Since there were no children’s books about children with hearing aids, a Grandmother decides to write one. This is an endearing story about not wanting her Grandchild to be labeled or judged by others because of her hearing aids.
Enjoy this great article from Healthy Hearing writer, by Debbie Clason titled: “Super Kena, A Girl Made Fierce with Hearing Aids.”
Two-year-old Kena didn’t notice that her hearing aids were attracting attention during storytime at the library—but her mom did. “I can’t let other kids define who Kena is,” her mom, Krystyna, confided to Kena’s grandmother that evening. “I want her to be fierce.”
The conversation resonated with Grandma Becky Cymbaluk, so she started writing. When she finally put down her pen, her granddaughter was a superhero in a children’s book titled “Super Kena, A Girl Made Fierce with Hearing Aids.”
Grandma Cymbaluk said she wrote the book because she couldn’t find any children’s books with characters who wore hearing aids.
As she thought more about content, she realized she wanted to include other children who might be struggling with challenges day to day and drew on personal experience to create the characters. Her daughter, Anna, now a pediatric endocrinologist, encouraged Cymbaluk to include a diabetic in the book. Her son, who used to stutter, saw a speech therapist and was in a wheelchair for a time after surgery. Kena’s mom, Krystyna is a teacher and had children with peanut allergies in her past classes. Cymbaluk, herself an asthmatic, included a child who needed an inhaler.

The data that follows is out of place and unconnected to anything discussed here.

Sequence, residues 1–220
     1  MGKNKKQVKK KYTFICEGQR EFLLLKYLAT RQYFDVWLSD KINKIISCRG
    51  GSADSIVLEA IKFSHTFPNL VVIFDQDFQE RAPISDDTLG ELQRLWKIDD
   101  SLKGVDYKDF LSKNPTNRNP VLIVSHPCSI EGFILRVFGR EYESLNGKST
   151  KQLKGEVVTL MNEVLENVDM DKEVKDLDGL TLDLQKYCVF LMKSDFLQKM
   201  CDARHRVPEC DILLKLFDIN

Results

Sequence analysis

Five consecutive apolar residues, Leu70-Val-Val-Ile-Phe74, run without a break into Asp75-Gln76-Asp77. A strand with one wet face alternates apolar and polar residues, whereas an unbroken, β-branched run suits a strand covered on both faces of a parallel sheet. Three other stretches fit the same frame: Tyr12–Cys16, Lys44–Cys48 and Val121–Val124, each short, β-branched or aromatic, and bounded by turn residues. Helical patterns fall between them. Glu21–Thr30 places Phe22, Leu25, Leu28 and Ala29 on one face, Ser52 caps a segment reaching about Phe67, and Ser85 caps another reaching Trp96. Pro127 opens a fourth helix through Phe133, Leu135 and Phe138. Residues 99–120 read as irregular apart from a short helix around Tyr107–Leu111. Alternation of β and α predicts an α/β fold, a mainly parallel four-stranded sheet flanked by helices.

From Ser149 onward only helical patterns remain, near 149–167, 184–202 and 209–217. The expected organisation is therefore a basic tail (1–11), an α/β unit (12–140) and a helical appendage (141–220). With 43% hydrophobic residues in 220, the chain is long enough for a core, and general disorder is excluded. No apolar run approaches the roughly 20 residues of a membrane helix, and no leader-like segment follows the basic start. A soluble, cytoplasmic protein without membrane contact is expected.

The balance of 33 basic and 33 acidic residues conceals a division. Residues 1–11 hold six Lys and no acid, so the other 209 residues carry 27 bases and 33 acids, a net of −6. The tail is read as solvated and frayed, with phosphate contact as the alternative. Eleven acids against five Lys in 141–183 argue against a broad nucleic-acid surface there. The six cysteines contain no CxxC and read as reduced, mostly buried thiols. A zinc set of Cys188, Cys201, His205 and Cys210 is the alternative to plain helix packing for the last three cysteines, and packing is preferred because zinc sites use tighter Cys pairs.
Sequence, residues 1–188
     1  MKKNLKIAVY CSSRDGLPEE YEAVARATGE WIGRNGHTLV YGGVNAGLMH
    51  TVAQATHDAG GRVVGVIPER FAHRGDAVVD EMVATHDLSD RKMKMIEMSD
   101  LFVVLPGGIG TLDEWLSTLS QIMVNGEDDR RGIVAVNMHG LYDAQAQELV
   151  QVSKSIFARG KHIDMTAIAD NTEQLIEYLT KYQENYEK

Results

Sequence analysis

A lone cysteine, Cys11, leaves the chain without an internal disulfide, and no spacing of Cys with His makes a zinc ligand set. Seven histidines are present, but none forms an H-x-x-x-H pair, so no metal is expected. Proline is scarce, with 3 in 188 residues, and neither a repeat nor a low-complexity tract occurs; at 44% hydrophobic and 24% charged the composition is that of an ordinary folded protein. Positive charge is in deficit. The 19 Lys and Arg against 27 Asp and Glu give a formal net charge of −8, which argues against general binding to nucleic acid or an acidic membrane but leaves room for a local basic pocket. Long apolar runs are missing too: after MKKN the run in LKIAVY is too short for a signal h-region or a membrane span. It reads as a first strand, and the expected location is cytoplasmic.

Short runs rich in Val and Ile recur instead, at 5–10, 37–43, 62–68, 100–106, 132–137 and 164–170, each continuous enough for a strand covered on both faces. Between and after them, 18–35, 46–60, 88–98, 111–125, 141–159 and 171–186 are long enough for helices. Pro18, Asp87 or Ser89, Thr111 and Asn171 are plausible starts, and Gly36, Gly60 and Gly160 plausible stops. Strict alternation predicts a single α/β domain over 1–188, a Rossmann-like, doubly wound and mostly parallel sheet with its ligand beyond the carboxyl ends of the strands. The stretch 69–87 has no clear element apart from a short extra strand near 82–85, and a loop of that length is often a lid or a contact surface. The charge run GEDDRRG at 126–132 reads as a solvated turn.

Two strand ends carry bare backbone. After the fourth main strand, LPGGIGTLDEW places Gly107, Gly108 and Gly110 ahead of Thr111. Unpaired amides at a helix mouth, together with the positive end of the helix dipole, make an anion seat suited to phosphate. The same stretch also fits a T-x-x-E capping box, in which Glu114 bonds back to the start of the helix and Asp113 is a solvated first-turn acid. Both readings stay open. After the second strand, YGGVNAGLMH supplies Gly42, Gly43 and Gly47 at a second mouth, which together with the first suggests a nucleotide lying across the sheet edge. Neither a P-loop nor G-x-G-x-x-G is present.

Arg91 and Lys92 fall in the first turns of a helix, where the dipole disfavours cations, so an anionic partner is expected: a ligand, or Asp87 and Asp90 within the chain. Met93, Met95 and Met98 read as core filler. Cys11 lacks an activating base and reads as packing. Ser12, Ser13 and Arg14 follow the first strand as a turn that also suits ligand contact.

The colorfully illustrated book stars Kena, a girl with hearing aids, as she works through issues with classmates who don’t understand her hearing loss. With the help of her mom, Kena realizes her hearing aids give her ears “super powers” and makes plans to form a team of her other differently-abled friends in an effort to explain their super powers to the class during Show and Tell.
Kena was born with mondini dysplasia, an inner ear malformation that is present at birth. While normal cochleas (the snail-shaped part of the inner ear) have two coils, those with mondini dysplasia only have one and a half coils. The rare disease can affect one or both ears and occurs in the seventh week of gestation.
Kena, who has mild to moderate sensorineural hearing loss in both ears, received her first hearing aid at three and a half months. She was 18 months old when she received a second hearing aid in the other ear.
Read the full story and how to order a book for a child you know with hearing aids by Clicking Here.
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Susan E. Terry, Au.D., F-AAA, F-NAP
Doctor of Audiology
P.S. We are here to help if you have any questions about your hearing, feel free to give us a call at 727-323-2471